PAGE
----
Can Obama Really Stand With Israel As Iran Raises Stakes?

Newsroom

Newsroom

By Robert Skar, JN Contributing Editor

Hard on the minds of Detroit Jews planning or contemplating a visit to Israel — for a bar or bat mitzvah celebration, a synagogue mission, an organizational sojourn or personal pleasure — is the No. 1 global question: “Just how serious a danger to the world is Iran’s pursuit of nuclear arms?”

The danger pulsates. Projections put Iran, the largest state sponsor of terrorism, a few months to a year away from having a nuclear warhead it wouldn’t hesitate to deploy against Israel and threaten the West with.

Against this somber backdrop, President Barack Obama strode to the podium before 13,000 Israel supporters, including 200 Detroiters, at the annual American Israel Public Affairs Committee policy conference on Sunday in the nation’s capital and delivered his boldest defense of Israel and warning to Tehran yet.

President Obama: "I have a policy to prevent Iran from obtaining a nuclear weapon." (Official White House photo)

“Israel’s leaders,” he declared to applause, “should have no doubt about the resolve of the United States, just as they should not doubt Israel’s sovereign right to make its own decisions about what is required to meet its security needs.

“I have said that when it comes to preventing Iran from obtaining a nuclear weapon, I will take no options off the table, and I mean what I say. That includes all elements of American power; a political effort aimed at isolating Iran; a diplomatic effort to sustain our coalition and ensure that the Iranian program is monitored; an economic effort to impose crippling sanctions; and yes, a military effort to be prepared for any contingency.”

Obama didn’t articulate new U.S. red lines on Iran. But he assured he doesn’t have a policy of “containment,” as Iran’s leaders and some congressional members believe — a policy that would prove feeble if the Islamic Republic is able to actually make an atomic bomb.

“I have a policy to prevent Iran from obtaining a nuclear weapon,” Obama said.

That staunchness, and Obama’s insistence that Israel must be able to defend itself against any threat, put a smile on the face of Israeli Prime Minister Benjamin Netanyahu. In a Monday press briefing at the White House, Netanyahu said, “If there’s one thing that stands out clearly in the Middle East today, it’s that Israel and America stand together.’’

Still, always wary of Obama’s motives, Netanyahu asserted that Israel has “the sovereign right to make its own decisions.’’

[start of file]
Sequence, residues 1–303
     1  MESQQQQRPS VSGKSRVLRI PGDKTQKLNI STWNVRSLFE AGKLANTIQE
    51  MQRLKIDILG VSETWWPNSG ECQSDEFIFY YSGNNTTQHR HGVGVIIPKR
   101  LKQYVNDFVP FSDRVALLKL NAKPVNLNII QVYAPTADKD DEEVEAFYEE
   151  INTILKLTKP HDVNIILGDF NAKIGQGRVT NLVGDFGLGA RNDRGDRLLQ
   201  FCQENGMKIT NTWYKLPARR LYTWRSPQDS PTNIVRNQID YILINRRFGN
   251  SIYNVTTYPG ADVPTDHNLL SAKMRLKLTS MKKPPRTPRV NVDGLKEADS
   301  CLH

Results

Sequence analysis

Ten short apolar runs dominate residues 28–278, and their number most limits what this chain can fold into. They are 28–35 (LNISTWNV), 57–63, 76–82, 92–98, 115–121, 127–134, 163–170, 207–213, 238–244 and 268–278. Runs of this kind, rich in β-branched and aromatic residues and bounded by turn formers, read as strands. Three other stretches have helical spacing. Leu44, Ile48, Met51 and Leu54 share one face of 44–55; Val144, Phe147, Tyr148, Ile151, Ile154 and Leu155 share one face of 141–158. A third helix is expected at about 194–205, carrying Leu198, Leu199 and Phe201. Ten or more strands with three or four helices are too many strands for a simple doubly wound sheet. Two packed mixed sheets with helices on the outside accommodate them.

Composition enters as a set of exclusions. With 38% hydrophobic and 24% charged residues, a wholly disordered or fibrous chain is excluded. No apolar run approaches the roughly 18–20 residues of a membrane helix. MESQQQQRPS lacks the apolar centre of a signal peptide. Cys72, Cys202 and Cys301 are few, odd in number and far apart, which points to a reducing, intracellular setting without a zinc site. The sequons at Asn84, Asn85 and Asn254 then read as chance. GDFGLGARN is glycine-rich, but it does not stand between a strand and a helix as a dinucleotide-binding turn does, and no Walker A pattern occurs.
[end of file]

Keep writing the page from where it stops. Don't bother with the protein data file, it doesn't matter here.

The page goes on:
He added, “I believe that’s why you appreciate, Mr. President, that Israel must reserve the right to defend itself. After all, that’s the very purpose of the Jewish state — to restore to the Jewish people control over our destiny. That’s why my supreme reponsibility as prime minister of Israel is to ensure that Israel remains master of its fate.’’

President Obama and Israeli Prime Minister Benjamin Netanyahu discussed Iran in a meeting at the Oval Office. (Official White House photo)

The U.S. leader’s strong rhetoric resonated in the pro-Israel crowd that packed the Walter E. Washington Convention Center, but it didn’t shelve his administration’s lingering weak record on support of Israel in regard to settlements, borders and other pivotal Israeli-Palestinian issues.

Diplomacy First
Israeli President Shimon Peres spoke just before Obama and said the U.S. and Israel share the same goal: to prevent Iran from developing a nuclear weapon. “There is no space between us,” Peres said.

Bolstering that notion, Obama said: “No Israeli government can tolerate a nuclear weapon in the hands of a regime that denies the Holocaust, threatens to wipe Israel off the map and sponsors terrorist groups committed to Israel’s destruction,” Obama said.

A nuclear-armed Iran not only would trigger an arms race in a volatile region and embolden Iranian and Syrian regimes that have brutalized their own people, but also give strength to Iranian proxies Hezbollah and Hamas.

Tough talk aside, Obama made it clear that diplomacy, buoyed by increasingly harsh international sanctions, is his top choice for the moment against President Mahmoud Ahmadinejad and the clerics who control the Persian nation of 74 million people. To little applause, Obama said the U.S. and Israel are vigilant in monitoring Iran’s nuclear edge.